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Perceptual Consequences of Cochlear Damage$
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Brian C. J. Moore

Print publication date: 1995

Print ISBN-13: 9780198523307

Published to Oxford Scholarship Online: January 2008

DOI: 10.1093/acprof:oso/9780198523307.001.0001

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Pitch perception and frequency discrimination in normally hearing and hearing-impaired people

Pitch perception and frequency discrimination in normally hearing and hearing-impaired people

Chapter:
(p.109) 5. Pitch perception and frequency discrimination in normally hearing and hearing-impaired people
Source:
Perceptual Consequences of Cochlear Damage
Author(s):

Brian C. J. Moore

Publisher:
Oxford University Press
DOI:10.1093/acprof:oso/9780198523307.003.0005

Pitch is important for conveying the intonation of speech sounds and for the perception of music. The ability to hear changes in pitch (frequency discrimination) is adversely affected by cochlear hearing loss. This chapter describes frequency discrimination and pitch perception in normal and impaired hearing. Topics include experimental data on frequency discrimination for pure tones and for complex tones; analysis of the results in terms of pitch theories; implications for the basic understanding of mechanisms of pitch perception; and perceptual consequences of abnormal pitch perception.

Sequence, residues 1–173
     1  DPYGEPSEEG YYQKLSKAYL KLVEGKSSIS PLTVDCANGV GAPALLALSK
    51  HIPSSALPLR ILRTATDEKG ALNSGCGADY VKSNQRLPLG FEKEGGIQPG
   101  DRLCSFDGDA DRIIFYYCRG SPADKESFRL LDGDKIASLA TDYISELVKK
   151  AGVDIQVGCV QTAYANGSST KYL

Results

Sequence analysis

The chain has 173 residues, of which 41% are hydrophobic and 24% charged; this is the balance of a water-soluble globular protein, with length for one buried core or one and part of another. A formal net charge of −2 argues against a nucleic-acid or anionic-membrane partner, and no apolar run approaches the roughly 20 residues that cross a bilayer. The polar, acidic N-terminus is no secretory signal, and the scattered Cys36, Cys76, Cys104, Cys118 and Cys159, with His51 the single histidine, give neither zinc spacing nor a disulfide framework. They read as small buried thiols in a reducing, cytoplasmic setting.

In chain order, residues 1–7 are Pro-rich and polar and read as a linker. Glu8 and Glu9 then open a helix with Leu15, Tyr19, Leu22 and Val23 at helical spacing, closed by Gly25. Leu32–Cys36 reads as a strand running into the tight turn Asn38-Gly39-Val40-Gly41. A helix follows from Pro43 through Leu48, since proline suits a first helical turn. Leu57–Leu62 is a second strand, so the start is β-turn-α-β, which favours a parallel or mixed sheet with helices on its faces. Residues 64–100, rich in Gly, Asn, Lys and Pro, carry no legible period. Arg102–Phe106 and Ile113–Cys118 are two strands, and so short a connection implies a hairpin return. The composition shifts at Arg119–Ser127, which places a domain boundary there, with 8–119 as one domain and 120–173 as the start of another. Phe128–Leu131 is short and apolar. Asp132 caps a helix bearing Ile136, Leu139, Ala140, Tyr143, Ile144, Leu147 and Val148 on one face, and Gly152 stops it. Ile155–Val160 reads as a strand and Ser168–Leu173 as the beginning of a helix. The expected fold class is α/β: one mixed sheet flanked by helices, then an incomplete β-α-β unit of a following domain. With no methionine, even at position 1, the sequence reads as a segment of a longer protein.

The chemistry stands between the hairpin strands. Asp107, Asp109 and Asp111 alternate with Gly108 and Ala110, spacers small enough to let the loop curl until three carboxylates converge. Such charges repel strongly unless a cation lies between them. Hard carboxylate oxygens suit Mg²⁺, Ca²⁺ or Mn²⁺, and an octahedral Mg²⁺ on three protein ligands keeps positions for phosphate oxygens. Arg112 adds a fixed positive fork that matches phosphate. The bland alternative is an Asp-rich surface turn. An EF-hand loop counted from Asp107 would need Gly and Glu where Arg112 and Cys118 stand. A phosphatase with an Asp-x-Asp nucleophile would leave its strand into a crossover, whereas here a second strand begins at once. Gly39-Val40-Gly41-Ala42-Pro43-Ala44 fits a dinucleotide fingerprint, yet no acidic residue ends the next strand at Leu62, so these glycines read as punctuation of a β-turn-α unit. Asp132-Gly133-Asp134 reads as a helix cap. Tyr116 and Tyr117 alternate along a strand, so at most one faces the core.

Keywords:   pitch theories, temporal coding, place coding, pure tones, complex tones

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